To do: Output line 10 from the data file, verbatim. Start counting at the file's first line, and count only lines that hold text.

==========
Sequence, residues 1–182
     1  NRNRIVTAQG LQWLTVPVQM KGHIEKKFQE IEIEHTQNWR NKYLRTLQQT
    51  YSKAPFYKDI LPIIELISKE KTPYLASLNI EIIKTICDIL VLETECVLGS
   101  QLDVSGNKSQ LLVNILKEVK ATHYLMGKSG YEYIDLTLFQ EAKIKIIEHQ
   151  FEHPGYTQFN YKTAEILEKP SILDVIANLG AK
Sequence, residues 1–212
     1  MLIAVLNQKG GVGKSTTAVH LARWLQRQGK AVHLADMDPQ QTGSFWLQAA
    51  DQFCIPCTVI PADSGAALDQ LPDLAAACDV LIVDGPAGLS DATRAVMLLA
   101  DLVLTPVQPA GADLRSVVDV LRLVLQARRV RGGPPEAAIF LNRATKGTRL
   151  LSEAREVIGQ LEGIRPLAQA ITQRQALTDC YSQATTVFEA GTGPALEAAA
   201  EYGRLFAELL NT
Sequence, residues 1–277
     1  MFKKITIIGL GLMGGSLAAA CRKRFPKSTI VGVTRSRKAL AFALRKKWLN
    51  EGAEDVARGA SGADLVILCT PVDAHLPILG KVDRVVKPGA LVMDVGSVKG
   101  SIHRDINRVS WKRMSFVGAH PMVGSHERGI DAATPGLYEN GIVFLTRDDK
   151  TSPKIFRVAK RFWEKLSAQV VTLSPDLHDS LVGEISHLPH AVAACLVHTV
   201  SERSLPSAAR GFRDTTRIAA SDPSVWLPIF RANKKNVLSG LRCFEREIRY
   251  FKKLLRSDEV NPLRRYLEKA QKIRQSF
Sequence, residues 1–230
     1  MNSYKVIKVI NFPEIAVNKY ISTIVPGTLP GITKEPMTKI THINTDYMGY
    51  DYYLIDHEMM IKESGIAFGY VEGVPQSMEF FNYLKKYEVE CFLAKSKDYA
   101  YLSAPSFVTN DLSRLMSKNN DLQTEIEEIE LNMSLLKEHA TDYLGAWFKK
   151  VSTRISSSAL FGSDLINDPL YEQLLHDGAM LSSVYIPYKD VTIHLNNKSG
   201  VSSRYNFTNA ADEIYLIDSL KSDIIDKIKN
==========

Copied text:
   151  LSEAREVIGQ LEGIRPLAQA ITQRQALTDC YSQATTVFEA GTGPALEAAA